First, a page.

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Bullocracy

Recent conversations with thoughtful caring people about the state of modern democracy has caused me to think about how we are represented in the commons, and whether we have much influence in what happens in our country, our city, our planet.  There is an implication that we are held responsible.

For example, the question of Vancouver since the post Stanley Cup riots. The people of this city, through main stream media, express feelings of shame as though they are somehow associated with the people who burned cars and smashed windows.

It must be obvious to anyone above the age of ten that a hundred goons do not represent the majority of anyone anywhere, so why are the masses tarred with that brush? Sure there were many who stood and watched, but there were many who came out after the riots to clean up the mess in whatever way they could. We know that some put their own safety at risk to try and and stop the destruction.

Since then the air waves have been flooded with interviews and expert opinion on who is responsible and who is to blame. It's this part of any crisis that seems to be the meat of it all.

In a separate issue, a federal party gained a majority with only forty per cent of the vote. Online social media was incandescent with the issues, analysis, protest, to inform themselves and others.  We were engaged. We watched the televised debates. Yet the party leader whose eyes seemed glazed over for the entire debate, who said little about policy offering a mantra of platitudes - got in.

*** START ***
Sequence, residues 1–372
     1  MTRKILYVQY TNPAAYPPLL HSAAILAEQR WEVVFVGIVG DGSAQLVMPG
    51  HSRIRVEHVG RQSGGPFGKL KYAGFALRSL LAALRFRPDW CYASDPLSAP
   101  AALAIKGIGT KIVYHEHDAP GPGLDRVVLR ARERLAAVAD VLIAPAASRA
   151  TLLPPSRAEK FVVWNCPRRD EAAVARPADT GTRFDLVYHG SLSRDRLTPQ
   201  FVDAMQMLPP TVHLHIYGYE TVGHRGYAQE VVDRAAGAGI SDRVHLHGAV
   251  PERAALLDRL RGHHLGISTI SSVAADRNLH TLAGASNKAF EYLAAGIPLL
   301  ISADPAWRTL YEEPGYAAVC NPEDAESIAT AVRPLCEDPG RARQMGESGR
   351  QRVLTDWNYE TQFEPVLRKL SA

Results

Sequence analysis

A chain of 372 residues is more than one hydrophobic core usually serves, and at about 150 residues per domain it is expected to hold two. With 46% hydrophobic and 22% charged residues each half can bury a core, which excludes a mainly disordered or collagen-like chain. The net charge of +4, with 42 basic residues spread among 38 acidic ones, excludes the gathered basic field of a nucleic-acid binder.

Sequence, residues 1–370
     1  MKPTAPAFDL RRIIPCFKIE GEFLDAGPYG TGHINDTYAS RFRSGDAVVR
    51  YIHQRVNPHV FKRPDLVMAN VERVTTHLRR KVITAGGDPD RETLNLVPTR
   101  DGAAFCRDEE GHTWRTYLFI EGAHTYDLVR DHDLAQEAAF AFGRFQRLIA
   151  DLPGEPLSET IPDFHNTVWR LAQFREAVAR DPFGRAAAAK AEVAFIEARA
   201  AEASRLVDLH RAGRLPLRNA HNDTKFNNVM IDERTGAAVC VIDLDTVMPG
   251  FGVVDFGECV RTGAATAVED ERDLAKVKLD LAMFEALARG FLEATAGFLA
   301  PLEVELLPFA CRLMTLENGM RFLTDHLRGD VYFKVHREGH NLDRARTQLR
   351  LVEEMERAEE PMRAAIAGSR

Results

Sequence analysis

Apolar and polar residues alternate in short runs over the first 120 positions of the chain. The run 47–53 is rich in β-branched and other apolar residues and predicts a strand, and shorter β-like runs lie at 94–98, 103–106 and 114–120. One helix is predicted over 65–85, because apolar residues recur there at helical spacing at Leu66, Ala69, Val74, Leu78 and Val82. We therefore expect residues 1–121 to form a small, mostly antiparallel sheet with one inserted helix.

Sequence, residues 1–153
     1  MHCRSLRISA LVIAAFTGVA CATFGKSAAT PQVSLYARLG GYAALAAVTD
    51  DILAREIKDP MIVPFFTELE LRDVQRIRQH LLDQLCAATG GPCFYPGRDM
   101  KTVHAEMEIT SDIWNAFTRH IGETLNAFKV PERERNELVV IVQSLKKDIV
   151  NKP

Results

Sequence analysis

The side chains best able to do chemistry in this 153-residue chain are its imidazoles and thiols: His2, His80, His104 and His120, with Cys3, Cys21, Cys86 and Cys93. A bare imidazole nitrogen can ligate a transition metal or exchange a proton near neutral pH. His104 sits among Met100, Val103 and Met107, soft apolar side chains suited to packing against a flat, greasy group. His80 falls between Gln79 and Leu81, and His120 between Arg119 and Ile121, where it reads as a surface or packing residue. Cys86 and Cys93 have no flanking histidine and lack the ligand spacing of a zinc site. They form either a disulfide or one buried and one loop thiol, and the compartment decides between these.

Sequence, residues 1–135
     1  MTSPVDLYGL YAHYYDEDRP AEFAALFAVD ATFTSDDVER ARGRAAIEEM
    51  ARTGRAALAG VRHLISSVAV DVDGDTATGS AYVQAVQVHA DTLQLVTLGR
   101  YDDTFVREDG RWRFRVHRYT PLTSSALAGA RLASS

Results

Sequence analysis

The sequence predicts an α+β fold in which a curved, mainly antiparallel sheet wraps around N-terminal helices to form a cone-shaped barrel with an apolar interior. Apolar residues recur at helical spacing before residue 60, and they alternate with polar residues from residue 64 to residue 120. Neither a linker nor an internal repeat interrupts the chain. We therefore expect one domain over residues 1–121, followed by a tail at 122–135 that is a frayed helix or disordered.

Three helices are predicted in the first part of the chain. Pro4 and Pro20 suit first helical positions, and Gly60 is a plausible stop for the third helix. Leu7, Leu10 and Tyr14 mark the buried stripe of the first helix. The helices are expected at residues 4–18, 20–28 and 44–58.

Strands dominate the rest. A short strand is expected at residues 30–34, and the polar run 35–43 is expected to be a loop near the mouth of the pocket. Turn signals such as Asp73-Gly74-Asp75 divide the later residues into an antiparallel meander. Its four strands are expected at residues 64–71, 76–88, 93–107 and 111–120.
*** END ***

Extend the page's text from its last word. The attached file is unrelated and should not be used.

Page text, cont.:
Dialogue has been replaced with sponsored media. Life and all its complexities are reduced to slogans, implications and associations. The more you care, the more it will be apparent that you have no influence, no voice, no face, and yet we are represented by images and words that bear no connection to who we know ourselves to be. We might as well stand on the corner of Main street and blow bubbles.

Democracy has become bullocracy, a reality show designed to feed us a simple plot of winners and losers, villains and heroes. The players want to feel good with the least amount of effort, and if you accept the spin, you can get on with your shopping as though nothing is happening and tomorrow will be like today, forever and ever. And as crises fall on top of other crises, managing the world will become more of a nightmare, our blaming more virrulent, our ways of coping more dysfunctional, and our saviours more ballistic.

But this does not mean there is nothing we can do. The first thing is to observe how power works in our world, how it defines and manipulates. Then we must re-build community from the nuclear family outward to the global family, on a system of reverence for life, sustained in our hearts and minds. Here is where the work to reinstate democracy begins and ends.

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